Consider an example. My background is in the fire service. I see the value in a firefighter watching a training video on how to set up a rope rescue system and refreshing on the working load limits of various ropes and knots. But after watching the video, even if they pass the quiz, I want to see them do it! Company officers have to take that firefighter out to the apparatus, pull out the rope rescue gear, and say, “Let’s go over this setup a few times.” Police supervisors wouldn’t say, “You watched a video on inspection and maintenance of firearms. Here, clean and inspect my service weapon.” The same can be said for EMS: “I watched a video on IVs; let me give it a try.” Organizations cannot take the easy route and rely on a stack of certificates to say their personnel are prepared to do their jobs.

Pros of Online Training for First Responders

So, what are online training programs good for? They are good at what they were designed for: continuing education. Online training is great for showing paramedics live changes in EKGs or videos of procedures they rarely perform, such as a needle decompression of the chest. Evidence collection, utilizing new technology to document accident scenes, or interrogating witnesses – these are all skills that can be best illustrated by video.

While online training for first responders has its limitations, we can’t ignore the evolution of continued education.

There is also the issue of presenting the most up-to-date information. An online platform can best present emerging research, such as the latest science on fire behavior and how ventilation affects fire development. And the online program can probably explain it better than the 10- or 15-year veteran firefighter. And do police chiefs really want the shift sergeant explaining a recent change in state statute concerning the lawful detention of a minor? A vetted online source may be able to better explain the new limits placed on an officer’s arrest powers.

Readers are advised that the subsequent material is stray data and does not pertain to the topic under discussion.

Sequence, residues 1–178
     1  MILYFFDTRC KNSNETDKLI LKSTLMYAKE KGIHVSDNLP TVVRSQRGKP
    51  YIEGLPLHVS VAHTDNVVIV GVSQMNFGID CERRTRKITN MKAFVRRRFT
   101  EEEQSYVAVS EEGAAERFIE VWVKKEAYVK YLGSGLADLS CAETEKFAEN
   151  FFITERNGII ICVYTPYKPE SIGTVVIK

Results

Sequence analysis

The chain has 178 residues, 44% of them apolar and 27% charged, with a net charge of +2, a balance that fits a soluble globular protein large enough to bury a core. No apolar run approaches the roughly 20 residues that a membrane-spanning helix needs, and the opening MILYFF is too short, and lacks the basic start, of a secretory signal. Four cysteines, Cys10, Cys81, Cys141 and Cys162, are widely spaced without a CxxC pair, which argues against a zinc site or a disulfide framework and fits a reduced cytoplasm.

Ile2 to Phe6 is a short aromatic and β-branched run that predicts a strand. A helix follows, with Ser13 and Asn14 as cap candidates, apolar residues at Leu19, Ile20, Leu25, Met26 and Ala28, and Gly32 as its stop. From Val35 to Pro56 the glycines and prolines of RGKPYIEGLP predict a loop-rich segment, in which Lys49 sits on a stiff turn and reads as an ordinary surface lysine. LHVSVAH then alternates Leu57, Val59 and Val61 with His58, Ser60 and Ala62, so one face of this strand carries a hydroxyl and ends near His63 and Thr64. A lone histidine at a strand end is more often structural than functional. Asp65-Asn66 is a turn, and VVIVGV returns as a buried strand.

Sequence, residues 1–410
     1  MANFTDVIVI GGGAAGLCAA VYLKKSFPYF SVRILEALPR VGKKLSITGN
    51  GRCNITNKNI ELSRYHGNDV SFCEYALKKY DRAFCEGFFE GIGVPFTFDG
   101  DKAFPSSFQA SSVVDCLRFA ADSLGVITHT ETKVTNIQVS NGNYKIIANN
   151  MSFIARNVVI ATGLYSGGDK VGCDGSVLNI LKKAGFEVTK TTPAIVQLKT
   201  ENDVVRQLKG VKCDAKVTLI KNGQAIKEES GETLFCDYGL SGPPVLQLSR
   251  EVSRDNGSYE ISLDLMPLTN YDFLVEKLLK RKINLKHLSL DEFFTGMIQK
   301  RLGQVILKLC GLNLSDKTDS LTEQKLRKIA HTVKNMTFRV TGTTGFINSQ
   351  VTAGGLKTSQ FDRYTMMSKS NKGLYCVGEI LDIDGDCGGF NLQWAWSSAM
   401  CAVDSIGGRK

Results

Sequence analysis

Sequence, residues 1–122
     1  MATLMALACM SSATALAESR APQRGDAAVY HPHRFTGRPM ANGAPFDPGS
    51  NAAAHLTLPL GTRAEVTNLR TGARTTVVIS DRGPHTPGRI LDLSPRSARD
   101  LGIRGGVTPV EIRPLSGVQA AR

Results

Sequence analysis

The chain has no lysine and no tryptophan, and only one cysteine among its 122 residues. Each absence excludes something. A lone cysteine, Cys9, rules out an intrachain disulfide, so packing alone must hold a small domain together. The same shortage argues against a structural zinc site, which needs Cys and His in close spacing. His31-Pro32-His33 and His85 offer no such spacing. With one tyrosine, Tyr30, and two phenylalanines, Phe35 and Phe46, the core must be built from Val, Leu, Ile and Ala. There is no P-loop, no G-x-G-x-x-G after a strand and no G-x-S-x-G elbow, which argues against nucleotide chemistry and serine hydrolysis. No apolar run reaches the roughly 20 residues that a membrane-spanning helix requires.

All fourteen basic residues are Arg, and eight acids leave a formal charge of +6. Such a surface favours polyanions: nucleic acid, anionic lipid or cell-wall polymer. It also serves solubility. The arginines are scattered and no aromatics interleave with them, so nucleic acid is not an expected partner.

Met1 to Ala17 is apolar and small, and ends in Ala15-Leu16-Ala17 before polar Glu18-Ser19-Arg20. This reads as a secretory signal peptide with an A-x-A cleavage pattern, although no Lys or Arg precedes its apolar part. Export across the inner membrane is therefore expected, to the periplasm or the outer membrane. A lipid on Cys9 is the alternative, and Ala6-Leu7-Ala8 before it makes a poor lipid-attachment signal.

Lastly, online platforms better match the learning styles of those coming onto the job today. Remember, they have grown up with instant access to information and video in the palm of their hand. They need to be provided information in a means that works for them. They want shorter explanations and video illustrations. The last thing they are receptive to is a “death by PowerPoint” lecture. The next time you attend a conference, watch what the attendees do as soon as the PowerPoint comes on – many of them pull out their phones and tune out. That presentation style doesn’t work for most groups these days.

Quickly explain it, demonstrate it – then let them do it. We must evolve to new methods of sharing information to reach those joining our ranks today.

Embrace the Change

Online training for first responders – love it or hate it – is here to stay. Today’s learning management systems make the deployment of online training easy, but to make it beneficial, departments must put in some effort. These are not one-size-fits-all solutions. Departments need to evaluate what they want from a program, explore their options and be prepared to customize the solution for the training needs of their agency and personnel.

Training must evolve as our professions evolve. We cannot skip the basics of learning the job, and nothing replaces great mentors who want to share what they have learned. But today’s new officers, firefighters and EMS providers require new means to continue their professional development.

Dave Cline

DAVE CLINE worked the majority of his 30-year emergency services career in suburban Kansas City, Missouri. After seven years of working in a public safety model department, he left for an opportunity in another Kansas City suburb where the fire department was transitioning from an all-volunteer organization to a career department. Over the past 19 years, Cline has been promoted from captain to assistant chief/fire marshal to deputy chief. For the last four years he has served as fire chief. During that time, as the population of his community has doubled, and the staffing at his department did the same, though the run volume has tripled. He now works as a professional services specialist with Lexipol in the fire vertical.